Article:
Equal headways are always unstable under no restrictions in this public transportation model. Since passengers arrive randomly with a Poisson distribution, some stations will have more passengers than others. Thus, vehicles will wait more time at stations with a higher passenger demand, and less time at stations with a lower passenger demand. Also, vehicles with more passengers will spend more time at stations waiting for them to exit. Thus, the heterogeneous usage of vehicles leads to heterogeneous travel times. This implies that faster vehicles will catch up slower ones, reducing their headway. Slower vehicles will increase the headway with faster vehicles in front of them. This leads to the formation of “platoons”, where the first vehicle is slowed down by the high demand at stations, caused by long headways, and subsequent vehicles idle behind the slow vehicle.

If a minimum waiting time is imposed for vehicles at stations, equal headways can be maintained for low passenger densities. When there is a high passenger demand, busy stations cause some vehicles to be delayed, breaking the equal headway configuration.

When apart from the minimum waiting time a maximum waiting time at stations is imposed, equal headways can be maintained when the minimum and maximum waiting times are equal, i.e. all vehicles remain at stations for an equal amount of time. However, this implies that some passengers might not be allowed to board into busy vehicles. Nevertheless, this allows an even load distribution among vehicles, leading to a higher efficiency of the system.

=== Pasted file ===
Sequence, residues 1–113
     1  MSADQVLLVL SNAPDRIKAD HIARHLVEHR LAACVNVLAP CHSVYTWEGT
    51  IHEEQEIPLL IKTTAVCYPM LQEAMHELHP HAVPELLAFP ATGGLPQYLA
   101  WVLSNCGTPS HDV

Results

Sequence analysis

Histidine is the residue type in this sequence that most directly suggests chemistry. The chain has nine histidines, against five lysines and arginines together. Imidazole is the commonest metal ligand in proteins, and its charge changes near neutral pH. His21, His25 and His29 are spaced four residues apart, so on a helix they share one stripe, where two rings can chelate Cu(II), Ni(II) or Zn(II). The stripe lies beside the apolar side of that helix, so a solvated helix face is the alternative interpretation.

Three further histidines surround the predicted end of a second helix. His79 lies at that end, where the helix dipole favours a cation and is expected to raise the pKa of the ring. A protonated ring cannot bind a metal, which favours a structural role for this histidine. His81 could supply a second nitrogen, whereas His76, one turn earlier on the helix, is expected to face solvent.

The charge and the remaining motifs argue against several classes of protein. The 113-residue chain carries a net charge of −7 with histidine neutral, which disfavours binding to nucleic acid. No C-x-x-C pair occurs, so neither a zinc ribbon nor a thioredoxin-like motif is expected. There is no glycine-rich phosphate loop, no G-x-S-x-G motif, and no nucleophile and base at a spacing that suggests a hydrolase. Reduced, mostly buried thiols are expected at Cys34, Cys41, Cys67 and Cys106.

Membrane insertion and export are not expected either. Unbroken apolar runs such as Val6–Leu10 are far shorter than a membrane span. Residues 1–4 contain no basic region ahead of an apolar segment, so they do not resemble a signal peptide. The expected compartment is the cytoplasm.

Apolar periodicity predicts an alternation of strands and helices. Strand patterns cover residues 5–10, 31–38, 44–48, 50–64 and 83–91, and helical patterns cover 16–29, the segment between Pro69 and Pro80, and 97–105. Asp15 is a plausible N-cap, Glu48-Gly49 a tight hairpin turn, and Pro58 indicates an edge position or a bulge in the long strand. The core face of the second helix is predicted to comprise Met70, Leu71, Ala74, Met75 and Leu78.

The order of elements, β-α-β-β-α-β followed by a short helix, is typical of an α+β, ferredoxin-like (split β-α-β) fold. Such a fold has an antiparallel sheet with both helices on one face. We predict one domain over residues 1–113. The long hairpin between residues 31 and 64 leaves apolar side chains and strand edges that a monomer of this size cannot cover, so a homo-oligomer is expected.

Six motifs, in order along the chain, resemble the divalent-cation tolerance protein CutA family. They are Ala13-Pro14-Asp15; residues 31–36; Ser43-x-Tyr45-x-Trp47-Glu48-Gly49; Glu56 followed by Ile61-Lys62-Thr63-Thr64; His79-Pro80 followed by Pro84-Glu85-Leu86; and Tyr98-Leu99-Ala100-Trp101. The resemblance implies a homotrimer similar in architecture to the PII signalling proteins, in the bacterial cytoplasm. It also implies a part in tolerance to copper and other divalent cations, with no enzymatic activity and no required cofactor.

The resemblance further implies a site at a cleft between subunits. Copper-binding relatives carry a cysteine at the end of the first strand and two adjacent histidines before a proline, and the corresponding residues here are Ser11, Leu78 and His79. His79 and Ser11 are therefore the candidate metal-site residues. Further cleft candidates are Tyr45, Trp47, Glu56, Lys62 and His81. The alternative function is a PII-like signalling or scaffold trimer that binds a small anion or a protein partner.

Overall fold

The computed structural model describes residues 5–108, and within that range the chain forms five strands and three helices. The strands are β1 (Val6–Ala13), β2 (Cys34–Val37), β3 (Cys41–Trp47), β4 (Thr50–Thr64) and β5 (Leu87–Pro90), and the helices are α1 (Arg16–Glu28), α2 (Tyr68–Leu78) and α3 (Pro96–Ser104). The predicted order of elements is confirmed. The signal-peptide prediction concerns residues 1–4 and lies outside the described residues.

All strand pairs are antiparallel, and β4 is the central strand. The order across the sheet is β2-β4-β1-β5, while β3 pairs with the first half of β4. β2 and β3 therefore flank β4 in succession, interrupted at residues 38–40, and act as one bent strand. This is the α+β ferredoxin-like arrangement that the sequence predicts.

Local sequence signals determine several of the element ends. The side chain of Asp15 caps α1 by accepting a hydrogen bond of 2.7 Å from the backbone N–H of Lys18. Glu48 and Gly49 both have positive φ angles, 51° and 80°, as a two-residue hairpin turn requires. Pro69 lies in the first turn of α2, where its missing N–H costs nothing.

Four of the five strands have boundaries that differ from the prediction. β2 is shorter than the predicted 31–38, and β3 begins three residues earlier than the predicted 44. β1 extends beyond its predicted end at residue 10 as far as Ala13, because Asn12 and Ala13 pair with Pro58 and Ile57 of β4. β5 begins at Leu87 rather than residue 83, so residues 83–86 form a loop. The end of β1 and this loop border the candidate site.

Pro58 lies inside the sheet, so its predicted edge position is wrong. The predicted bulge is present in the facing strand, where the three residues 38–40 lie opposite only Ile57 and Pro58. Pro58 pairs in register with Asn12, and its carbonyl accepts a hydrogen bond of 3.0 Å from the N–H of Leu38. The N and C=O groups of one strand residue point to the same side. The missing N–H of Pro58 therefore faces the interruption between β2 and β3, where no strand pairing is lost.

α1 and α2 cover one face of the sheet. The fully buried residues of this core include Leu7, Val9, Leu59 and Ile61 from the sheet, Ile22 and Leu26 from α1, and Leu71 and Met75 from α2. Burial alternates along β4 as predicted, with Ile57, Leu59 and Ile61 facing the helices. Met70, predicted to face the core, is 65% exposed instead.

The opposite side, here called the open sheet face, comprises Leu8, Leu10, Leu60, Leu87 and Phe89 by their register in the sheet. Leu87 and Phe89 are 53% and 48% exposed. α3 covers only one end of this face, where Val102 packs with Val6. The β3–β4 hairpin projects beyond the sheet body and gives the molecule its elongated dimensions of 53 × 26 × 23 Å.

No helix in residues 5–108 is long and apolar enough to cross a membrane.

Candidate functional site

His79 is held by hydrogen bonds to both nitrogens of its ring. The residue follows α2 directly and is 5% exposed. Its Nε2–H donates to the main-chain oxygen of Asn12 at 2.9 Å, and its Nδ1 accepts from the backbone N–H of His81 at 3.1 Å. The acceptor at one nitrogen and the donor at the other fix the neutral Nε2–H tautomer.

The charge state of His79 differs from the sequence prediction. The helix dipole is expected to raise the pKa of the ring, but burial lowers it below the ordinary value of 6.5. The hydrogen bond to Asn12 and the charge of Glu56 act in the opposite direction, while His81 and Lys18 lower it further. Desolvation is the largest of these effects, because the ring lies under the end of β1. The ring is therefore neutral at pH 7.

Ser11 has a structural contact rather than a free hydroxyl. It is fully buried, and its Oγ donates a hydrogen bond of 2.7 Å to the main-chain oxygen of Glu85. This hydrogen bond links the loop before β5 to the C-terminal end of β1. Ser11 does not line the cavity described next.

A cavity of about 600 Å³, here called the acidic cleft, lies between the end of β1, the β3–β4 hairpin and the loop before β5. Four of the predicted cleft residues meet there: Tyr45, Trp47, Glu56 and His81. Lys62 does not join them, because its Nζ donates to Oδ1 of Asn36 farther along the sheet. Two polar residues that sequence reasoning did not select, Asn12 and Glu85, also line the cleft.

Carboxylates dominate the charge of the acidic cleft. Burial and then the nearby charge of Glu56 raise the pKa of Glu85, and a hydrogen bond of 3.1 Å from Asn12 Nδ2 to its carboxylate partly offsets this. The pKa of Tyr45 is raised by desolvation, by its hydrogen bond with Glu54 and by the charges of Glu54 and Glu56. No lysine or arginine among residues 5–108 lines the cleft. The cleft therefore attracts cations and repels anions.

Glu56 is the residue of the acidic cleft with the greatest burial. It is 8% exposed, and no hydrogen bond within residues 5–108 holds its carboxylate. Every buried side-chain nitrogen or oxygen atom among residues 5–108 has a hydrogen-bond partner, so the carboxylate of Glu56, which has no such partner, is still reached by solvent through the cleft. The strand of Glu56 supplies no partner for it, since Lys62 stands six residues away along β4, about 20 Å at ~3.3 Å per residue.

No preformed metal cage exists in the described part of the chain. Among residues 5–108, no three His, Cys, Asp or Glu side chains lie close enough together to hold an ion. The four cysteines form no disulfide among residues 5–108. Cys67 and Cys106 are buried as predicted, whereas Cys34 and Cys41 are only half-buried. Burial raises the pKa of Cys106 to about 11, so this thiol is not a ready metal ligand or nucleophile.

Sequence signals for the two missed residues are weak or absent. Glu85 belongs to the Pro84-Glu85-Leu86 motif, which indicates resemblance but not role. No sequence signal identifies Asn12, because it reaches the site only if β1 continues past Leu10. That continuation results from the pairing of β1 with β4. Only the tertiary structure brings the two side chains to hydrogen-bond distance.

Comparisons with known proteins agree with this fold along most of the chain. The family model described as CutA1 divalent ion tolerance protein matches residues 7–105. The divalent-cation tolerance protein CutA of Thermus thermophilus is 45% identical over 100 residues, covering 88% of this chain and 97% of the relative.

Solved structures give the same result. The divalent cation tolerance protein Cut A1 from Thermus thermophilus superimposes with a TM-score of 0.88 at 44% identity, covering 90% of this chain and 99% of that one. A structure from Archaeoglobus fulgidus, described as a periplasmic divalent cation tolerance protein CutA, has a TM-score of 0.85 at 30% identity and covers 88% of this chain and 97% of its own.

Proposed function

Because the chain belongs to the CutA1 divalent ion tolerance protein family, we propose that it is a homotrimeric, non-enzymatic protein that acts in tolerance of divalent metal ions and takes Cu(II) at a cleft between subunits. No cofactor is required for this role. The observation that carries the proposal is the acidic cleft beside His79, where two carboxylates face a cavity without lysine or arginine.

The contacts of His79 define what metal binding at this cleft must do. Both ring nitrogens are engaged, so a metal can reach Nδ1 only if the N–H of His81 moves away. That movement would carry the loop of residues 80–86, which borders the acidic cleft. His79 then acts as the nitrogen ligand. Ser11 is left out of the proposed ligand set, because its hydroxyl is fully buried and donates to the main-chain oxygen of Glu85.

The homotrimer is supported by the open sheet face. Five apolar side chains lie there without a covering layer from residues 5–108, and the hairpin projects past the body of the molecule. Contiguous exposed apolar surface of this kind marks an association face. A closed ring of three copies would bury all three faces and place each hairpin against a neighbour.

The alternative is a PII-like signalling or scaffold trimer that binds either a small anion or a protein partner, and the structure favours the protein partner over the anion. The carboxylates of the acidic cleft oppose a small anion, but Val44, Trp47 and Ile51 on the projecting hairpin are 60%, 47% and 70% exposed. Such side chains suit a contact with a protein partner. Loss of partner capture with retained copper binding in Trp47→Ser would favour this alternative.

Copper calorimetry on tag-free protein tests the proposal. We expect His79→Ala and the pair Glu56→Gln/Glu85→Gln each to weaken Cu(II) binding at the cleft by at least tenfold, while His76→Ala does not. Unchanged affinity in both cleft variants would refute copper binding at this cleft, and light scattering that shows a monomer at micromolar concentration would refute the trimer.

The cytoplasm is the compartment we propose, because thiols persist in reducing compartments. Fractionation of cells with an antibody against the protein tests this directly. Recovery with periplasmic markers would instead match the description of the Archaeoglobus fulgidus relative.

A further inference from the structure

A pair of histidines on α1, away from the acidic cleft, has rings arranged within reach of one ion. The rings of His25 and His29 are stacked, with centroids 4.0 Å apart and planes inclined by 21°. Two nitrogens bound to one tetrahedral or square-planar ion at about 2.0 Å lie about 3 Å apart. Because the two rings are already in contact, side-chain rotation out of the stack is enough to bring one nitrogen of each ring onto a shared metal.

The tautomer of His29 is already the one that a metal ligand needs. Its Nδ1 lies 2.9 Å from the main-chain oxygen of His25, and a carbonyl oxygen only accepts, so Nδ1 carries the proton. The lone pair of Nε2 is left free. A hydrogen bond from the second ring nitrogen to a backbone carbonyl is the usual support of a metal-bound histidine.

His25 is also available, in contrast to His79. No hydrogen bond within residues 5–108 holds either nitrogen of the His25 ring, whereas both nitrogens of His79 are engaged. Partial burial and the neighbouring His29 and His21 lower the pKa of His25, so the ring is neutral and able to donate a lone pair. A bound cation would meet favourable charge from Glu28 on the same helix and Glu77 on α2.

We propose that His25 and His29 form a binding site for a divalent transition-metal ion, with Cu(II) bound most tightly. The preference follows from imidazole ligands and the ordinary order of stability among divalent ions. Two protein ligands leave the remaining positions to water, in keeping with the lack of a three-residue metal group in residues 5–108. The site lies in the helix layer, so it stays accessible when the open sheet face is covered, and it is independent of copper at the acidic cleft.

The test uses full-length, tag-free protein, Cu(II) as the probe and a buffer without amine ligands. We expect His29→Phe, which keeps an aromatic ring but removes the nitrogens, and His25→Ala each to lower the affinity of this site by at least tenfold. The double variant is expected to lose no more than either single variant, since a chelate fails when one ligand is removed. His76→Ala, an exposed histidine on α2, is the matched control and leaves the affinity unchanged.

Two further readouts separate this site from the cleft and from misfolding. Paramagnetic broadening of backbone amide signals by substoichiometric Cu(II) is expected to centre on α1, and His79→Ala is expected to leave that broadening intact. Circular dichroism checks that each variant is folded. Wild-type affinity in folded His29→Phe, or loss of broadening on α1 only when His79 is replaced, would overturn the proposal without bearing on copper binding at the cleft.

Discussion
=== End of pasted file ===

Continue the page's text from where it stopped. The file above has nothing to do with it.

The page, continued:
The best minimum and maximum waiting times at stations depend on the passenger demand. This led to the proposal of an adaptive method (MX) where the maximum waiting time is adjusted depending on the total number of passengers in the system [4].

Fixing the waiting times at stations of vehicles is a necessary but not sufficient condition for equal headways. For example, if more passengers are exiting a vehicle at a station than the minimum waiting time, then the vehicle will be delayed, as each passenger takes one tick to exit the vehicle. Also, MX can maintain equal headways, but not recover them. In other words, if initial conditions have unequal headways, these will be maintained with MX. This was the main motivation for exploring a new, self-organizing method: to achieve regular headways starting from non-homogeneous conditions. The supraoptimal performance was an unexpected consequence of the method.

Self-organizing method